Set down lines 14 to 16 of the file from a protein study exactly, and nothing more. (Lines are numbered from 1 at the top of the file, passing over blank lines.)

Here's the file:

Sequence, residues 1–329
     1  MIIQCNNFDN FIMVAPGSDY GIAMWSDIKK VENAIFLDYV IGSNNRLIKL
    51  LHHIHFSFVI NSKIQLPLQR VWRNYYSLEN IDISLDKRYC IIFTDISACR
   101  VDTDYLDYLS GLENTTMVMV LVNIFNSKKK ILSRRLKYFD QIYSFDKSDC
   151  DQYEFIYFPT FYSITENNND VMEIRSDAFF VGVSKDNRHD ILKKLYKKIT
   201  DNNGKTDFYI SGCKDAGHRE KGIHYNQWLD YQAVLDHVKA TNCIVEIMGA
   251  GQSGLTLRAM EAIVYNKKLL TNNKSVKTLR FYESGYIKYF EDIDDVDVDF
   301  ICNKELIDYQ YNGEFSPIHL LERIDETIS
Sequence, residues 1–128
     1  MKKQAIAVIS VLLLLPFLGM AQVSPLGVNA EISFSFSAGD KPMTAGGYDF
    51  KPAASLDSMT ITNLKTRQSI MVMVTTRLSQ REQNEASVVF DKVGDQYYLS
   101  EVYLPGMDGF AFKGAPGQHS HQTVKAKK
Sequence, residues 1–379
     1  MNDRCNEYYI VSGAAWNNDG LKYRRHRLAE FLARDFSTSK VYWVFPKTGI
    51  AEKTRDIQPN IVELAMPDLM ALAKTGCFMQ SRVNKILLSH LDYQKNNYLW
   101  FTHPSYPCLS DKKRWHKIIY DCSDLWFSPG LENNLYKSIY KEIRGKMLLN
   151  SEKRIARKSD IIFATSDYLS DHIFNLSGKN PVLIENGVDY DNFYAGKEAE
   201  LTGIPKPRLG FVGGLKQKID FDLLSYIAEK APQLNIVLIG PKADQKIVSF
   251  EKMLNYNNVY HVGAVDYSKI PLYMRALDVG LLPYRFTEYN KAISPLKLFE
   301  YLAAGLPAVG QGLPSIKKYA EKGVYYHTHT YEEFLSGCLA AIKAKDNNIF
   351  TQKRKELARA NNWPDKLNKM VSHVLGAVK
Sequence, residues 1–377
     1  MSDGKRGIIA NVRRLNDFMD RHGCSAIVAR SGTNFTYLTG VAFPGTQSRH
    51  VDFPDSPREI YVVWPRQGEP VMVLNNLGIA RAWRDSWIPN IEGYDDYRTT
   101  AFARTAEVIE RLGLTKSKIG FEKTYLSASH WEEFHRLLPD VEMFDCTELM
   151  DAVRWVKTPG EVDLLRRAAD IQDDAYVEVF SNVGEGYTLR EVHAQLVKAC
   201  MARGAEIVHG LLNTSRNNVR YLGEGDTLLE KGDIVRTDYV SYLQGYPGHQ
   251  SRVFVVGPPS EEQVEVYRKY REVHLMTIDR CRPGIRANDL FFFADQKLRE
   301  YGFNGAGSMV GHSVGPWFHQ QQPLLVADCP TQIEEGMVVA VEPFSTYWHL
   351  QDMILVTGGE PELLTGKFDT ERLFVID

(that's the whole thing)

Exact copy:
     1  MNDRCNEYYI VSGAAWNNDG LKYRRHRLAE FLARDFSTSK VYWVFPKTGI
    51  AEKTRDIQPN IVELAMPDLM ALAKTGCFMQ SRVNKILLSH LDYQKNNYLW
   101  FTHPSYPCLS DKKRWHKIIY DCSDLWFSPG LENNLYKSIY KEIRGKMLLN